The rule for the students was not to have a built-in meter, a telephoto, nor a zoom lens. How 44 years has corrupted me! Now my favorite camera (other than a $10,000 Leica that I don't have) is my iphone. Here's a picture of my grandson with his new camera, taken by my son with his iPhone.

Thursday, July 4, 2013

Certainty and Uncertainty

Downstairs they are discussing the “certainty of uncertainty,” or is it the “uncertainty of certainty”? I am not sure. It seems a bit of contradiction to be certain of anything, even uncertainty ... so I'll vote for the uncertainty of certainty, while, at the same time, envying people who have certainty.

My long-time friend Greg has had a few conversations with the almighty. There is no doubt in his mind. He is beyond the point of belief. He has experienced him directly. I hear a lot about Moses’ conversations with God in my Torah study class and I wonder if others in the class think that Moses is a liar, crazed, or being fooled by a guy behind the bushes? Or, is he actually hearing his voice? Or is it a combination of those four theories, or perhaps even a fifth or sixth or seventh?

I'm not certain of much of anything. And that's ok with me. It seems that to be certain you not only need a bulletproof proof, but you also need faith that you are right. Einstein was asked, “Suppose an experiment disproved your theory. Would you change your mind?” “No,” he said, “the experiment would be wrong.”

I can imagine a proof that would be pretty convincing. I drop a coin 1000 times and it hits the ground each time. That indicates it probably will hit the ground the next time I drop it (that is, unless gravity reverses its course, or a thief reached her hand out). But am I certain? No.

I've been fooled many times, as have most of us. As a kid I did magic tricks. I learned from the tricks that what you see might not be the whole story.

I can hear Uncle Ed asking if any of this makes a difference. Would certainty give one a better life? Or would uncertainty? If I were certain that a certain path would take me where I'd like to go I could probably walk more confidently. But if I ended up at a dump rather than a BBQ restaurant, I would be devastated. On the other hand, if I were uncertain of the path, I would worry so much that I might not hear the birds sing.

I think it does make a difference which way you say it, but you can't choose one over another just for convenience or happiness. A more practical approach might be to realize that certainty is a continuum and that in any situation we have some degree of certainty ... and, fortunately, some degree of uncertainty.

I Like You

This is the same place where, in the men's john, it is writ, "I love you is back." It warmed my heart to know that not only is love back, but liking is as well.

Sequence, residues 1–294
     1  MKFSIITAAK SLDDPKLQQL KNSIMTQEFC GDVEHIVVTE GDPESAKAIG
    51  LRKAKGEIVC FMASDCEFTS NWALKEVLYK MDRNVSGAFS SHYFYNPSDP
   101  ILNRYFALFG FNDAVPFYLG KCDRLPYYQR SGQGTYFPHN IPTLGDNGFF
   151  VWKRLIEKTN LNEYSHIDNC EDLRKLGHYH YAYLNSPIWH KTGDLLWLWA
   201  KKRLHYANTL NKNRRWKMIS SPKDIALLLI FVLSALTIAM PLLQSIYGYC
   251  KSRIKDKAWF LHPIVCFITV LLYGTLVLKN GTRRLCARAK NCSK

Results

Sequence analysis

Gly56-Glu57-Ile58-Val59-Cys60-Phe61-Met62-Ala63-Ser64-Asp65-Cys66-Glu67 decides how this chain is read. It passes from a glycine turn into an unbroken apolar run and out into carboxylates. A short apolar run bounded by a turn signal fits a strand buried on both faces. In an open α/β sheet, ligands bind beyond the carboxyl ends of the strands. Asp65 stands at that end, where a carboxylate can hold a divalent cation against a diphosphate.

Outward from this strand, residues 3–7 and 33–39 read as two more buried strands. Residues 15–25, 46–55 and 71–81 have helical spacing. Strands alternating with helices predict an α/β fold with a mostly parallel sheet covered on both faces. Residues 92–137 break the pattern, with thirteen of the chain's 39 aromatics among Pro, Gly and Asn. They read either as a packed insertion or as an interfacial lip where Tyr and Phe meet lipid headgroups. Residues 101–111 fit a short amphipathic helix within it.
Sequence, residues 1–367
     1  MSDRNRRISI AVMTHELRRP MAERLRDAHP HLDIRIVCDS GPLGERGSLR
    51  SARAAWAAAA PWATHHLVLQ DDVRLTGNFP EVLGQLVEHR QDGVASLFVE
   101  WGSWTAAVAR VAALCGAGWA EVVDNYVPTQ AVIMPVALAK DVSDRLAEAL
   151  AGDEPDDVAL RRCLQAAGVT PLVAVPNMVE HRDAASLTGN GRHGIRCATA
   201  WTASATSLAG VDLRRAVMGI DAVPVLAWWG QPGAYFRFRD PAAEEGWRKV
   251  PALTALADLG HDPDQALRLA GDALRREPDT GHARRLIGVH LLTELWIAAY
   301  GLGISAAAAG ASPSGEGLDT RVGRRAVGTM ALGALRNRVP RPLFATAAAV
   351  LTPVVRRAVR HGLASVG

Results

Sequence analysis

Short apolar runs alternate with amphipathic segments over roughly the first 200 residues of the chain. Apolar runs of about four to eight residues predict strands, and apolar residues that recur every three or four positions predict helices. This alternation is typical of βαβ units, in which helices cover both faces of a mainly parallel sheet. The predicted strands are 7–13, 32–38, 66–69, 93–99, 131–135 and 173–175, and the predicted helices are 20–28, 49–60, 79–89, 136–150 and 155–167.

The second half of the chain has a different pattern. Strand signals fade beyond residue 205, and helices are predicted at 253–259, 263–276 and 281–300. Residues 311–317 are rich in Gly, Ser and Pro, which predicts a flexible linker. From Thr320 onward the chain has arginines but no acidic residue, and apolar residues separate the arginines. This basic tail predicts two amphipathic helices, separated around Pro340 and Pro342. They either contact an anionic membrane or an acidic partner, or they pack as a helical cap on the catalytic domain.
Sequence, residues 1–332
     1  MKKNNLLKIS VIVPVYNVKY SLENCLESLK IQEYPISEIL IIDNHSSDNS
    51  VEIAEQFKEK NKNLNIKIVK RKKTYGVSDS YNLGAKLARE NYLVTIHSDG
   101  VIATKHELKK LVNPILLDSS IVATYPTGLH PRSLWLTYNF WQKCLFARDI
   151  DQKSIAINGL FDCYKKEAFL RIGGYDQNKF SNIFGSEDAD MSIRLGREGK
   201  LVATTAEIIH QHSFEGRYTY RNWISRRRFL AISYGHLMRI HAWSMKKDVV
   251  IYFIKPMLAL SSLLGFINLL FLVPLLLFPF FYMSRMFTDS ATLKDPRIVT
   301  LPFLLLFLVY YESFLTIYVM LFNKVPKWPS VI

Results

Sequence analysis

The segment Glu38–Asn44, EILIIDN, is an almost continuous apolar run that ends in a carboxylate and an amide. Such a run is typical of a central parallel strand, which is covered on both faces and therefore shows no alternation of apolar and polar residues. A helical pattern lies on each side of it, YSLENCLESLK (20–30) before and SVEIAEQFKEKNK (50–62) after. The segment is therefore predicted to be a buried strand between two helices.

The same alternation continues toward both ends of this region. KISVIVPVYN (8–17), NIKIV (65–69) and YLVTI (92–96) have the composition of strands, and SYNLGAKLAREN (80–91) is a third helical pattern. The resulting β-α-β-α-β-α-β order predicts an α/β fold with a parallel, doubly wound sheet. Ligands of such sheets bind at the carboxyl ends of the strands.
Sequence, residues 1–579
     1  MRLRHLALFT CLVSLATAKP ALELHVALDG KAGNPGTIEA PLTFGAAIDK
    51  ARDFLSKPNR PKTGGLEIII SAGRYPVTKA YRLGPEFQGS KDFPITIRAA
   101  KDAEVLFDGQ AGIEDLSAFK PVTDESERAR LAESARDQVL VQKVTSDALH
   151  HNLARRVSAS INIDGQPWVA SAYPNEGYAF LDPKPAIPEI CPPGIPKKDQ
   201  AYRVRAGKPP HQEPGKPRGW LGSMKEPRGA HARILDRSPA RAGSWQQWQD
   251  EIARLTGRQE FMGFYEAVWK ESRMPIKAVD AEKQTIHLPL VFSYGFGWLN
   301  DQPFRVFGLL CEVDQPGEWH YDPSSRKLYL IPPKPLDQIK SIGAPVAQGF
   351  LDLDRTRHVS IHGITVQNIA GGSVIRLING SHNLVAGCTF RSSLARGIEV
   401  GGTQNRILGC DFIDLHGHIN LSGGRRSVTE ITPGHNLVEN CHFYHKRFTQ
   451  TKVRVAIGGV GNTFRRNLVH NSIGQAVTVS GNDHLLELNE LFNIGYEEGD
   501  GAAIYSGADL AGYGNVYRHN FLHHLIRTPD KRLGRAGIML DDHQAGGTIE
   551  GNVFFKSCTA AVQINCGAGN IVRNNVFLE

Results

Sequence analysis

Monday, July 1, 2013

Cousin CC Gets A Sore Toe (A Story For Peter Kriss)

(Note: this is a guest post by my dad (Edmond Mosley) who passed to another place nine years ago.)

When Peter's great uncle Edmond lived in Long Beach, New York, in the early days, he loved to eat sandwiches. It didn't matter what was inside the sandwich as long as there was bread on the outside. A good excuse to get to eat a lot of sandwiches was to have a picnic.

The best place to have a picnic if you lived in Long Beach was over the bay to a little Island called “Bird Island” which was a bird preserve. Long Beach is on the Atlantic Ocean. On the west side of Long Beach there is a small bay. If you go about a half mile across the bay you get to Bird Island.

When I told my friend Seymour and his brother Martin (who loved sandwiches even more than I do if that is possible) about my plan for a picnic on Bird Island, Martin jumped with joy. Seymour, who was very philosophical because he had just finished reading all the works of the ancient philosphers including two or three of the modern ones, only snickered but agree to come. We planned to make forty Lwo sandwiches (twenty for me,.twenty for Martin and two for Seymour. We tried to be nice to Seymour and hoped that he would eat only one sandwich so that Martin and I could split the other ones.

One thing you can sure about cousin CC. If there is food around be is sure to appear. On the very day of the picnic, which was on a Saturday, CC appeared. He lived in Boston, quite a distance from Long Beach but somehow he got wind about what was going on. He asked to come with us and promised that he would not be hungry and ask for any of the sandwiches, “Well,” he said, “perhaps only three or five.” It was just like CC to skip "four"since he was not very good in arithmetic.

We liked cousin CC and did not begrudge him the food but we knew that every time he was around something strange would happen. It was to be no different this time. Anyway, we decided to keep a careful eye on him to see that we did not get into trouble.